KCMO program director: You don’t have to check (if there was a fire). My wife called and told me.
Cronkite: I do too have to check on it.
Program Director: Are you calling my wife a liar?
Cronkite: I refused to go with the story, so the program director went on the air and ad-libbed a news bulletin.
Although there was no tragic fire, there would be a firing — Cronkite’s, for insubordination. It wouldn’t be the last time he put his job on the line for the sake of good journalism.
Even Bill Paley, the powerful founder of CBS, knew if the subject was editorial integrity, he was better off evading rather than risk Cronkite’s wrath, even when the United States President demanded it.
Walter Cronkite’s impact on Watergate deserves special mention because popular culture has immortalized the fabulous saga of the Washington Post’sBob Woodward and Carl Bernstein. Without Cronkite, the story might have disappeared from the front pages:
In late 1972, Cronkite asked his producers to do something unheard of — feature two nights of lengthy explanation on the Watergate scandal, which had been extensively covered by the Washington Post. But it had not yet received major national coverage and the story seemed to be losing steam.
The pressures from the Nixon administration were getting really severe on the Washington Post. They were to the point of giving up when…we brought new life to the Watergate story on October 27, 1972. The first piece we did on Watergate ran for more than 14 minutes. After Nixon’s special counsel, Charles Colson called Paley to complain, Paley raised hell with Dick Salant. Only he outfoxed him but very cleverly seizing upon Paley’s main complaint — devoting the entire news program on Watergate, and that saved the day. So Salant called us and demanded we shorten the next day’s piece by half. But content was never mentioned. I later asked Salant, and he denied Paley had dictated the decision. Salant knew that if I knew Paley forced the decision, I would have blown my top.”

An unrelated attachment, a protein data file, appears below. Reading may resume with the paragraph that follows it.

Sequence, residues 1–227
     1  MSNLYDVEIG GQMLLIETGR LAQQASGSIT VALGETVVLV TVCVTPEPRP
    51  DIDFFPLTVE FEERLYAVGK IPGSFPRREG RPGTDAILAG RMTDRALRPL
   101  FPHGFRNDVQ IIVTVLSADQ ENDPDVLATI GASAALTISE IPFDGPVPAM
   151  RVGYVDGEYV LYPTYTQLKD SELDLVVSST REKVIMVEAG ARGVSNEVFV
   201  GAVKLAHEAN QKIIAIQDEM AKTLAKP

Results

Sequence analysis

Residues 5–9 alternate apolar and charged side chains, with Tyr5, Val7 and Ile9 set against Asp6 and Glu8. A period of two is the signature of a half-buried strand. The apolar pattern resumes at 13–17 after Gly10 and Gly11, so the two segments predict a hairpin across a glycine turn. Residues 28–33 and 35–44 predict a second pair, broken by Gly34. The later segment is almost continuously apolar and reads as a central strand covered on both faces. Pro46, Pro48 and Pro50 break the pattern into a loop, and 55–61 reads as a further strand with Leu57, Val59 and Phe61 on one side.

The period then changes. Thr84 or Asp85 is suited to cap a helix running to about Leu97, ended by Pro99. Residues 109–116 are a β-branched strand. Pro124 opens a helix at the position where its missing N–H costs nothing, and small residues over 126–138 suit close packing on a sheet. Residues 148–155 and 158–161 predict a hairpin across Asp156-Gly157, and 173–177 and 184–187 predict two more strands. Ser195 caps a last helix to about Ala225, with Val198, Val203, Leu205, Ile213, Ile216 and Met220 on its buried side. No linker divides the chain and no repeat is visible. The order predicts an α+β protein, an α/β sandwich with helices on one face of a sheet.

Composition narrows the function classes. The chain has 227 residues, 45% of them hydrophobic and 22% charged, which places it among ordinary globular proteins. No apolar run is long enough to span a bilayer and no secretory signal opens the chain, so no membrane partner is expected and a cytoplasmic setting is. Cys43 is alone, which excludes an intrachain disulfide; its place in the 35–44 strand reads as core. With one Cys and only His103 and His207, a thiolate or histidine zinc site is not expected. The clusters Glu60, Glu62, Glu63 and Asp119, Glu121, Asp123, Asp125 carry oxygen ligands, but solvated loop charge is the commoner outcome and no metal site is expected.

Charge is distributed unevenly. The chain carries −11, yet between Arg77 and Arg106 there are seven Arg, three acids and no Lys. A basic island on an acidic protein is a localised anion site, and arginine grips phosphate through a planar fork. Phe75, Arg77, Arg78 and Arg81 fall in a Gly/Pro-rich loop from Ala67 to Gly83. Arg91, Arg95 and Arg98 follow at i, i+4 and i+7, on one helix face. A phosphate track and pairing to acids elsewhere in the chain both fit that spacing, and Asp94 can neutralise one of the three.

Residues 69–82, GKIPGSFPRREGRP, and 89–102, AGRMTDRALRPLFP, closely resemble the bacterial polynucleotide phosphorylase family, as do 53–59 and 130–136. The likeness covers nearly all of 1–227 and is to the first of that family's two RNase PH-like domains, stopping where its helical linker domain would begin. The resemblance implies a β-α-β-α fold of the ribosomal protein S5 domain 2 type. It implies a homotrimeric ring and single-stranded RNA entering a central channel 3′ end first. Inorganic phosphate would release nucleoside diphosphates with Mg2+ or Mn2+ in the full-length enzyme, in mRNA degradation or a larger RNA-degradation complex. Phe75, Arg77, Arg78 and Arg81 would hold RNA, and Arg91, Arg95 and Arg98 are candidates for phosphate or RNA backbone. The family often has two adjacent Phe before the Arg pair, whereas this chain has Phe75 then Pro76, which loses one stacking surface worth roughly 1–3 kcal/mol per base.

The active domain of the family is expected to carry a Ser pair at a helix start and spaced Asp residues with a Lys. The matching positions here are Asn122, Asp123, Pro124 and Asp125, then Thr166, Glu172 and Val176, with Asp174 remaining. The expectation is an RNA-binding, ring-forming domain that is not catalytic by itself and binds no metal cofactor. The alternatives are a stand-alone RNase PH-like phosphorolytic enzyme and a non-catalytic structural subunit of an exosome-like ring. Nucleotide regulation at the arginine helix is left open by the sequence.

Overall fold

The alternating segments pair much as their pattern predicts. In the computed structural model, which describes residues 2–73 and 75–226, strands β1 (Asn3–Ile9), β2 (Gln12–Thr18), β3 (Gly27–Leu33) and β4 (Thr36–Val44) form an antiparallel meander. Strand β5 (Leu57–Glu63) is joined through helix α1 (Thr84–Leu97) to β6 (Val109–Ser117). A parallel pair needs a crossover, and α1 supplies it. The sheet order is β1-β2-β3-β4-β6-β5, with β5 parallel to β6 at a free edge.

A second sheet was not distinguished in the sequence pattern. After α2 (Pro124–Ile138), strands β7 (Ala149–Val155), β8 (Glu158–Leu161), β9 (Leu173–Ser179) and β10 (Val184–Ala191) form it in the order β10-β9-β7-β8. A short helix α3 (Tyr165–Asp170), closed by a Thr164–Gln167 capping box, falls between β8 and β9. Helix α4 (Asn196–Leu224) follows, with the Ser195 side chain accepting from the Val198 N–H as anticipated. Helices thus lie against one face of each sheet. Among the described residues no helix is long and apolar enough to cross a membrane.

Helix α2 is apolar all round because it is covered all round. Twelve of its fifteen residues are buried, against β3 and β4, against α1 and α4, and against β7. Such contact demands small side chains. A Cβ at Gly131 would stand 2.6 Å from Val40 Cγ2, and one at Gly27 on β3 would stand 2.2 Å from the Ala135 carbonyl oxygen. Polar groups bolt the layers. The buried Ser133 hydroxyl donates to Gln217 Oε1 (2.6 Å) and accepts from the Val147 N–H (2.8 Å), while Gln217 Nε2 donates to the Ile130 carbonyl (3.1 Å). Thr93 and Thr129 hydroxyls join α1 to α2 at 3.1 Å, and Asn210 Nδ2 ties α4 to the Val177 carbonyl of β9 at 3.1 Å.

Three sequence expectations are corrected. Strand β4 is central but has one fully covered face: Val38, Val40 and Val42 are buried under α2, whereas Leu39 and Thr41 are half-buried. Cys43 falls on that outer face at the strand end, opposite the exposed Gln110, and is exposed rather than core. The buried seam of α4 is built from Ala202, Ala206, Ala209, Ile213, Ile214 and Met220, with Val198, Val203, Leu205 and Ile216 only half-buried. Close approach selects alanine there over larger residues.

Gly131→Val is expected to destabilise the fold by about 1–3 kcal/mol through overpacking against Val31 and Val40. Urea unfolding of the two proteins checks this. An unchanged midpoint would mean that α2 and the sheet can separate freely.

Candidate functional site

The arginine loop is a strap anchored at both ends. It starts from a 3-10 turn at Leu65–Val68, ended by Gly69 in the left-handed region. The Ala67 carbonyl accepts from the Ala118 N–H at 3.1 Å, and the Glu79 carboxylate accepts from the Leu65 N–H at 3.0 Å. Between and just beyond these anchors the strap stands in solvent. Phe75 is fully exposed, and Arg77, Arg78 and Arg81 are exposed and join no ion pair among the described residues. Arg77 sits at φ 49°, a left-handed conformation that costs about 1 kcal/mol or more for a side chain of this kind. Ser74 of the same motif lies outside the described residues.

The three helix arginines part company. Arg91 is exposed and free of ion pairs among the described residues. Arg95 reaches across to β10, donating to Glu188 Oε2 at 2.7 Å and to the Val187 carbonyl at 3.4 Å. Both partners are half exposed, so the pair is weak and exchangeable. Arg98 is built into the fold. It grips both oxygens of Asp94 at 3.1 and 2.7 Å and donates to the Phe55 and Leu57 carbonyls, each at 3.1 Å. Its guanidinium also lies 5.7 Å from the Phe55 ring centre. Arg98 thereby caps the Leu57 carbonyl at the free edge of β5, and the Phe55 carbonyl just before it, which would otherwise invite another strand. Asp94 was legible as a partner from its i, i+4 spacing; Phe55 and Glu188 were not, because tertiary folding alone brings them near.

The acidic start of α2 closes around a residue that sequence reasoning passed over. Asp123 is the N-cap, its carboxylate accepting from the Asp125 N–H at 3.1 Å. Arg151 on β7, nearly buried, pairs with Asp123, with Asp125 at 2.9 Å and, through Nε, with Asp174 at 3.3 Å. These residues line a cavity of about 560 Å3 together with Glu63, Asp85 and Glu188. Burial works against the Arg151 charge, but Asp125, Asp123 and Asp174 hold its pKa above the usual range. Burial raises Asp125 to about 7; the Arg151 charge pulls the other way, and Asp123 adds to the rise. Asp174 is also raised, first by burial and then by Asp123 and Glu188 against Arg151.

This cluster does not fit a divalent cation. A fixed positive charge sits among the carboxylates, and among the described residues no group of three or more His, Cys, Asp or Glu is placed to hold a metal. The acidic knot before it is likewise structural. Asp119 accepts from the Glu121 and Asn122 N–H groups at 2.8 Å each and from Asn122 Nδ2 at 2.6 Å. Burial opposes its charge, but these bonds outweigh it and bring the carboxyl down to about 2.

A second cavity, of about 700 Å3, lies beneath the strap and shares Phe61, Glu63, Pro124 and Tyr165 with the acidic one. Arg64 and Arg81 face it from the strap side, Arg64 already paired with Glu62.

These days, journalists are prone to fall in love with political leaders holding views that mirror their own. (To be fair, perhaps out of the need for access rather than conviction). Cronkite understood the dangers of losing one’s perspective on the anchor desk. To paraphrase Sun Tzu’s famous edict, he “kept his friends close and his politicians closer.”
His political trophy room had a long row of distinguished heads. He interviewed and admired Eisenhower, Kennedy, Johnson, Nixon, Ford, Carter (who he thought was the smartest president) and Reagan, but never to the point he couldn’t back off and give them a thumping. He worked both sides of the aisle regardless of his political opinion. He even visited George Wallace at his hospital bed after the assassination attempt on the Alabama governor. Cronkite vigorously disagreed with Wallace on a number of issues, most acutely, race. He just felt it was the right thing to do. Cronkite’s on-air persona was known for great theater, great reporting, and great empathy. “Great balance” would be another.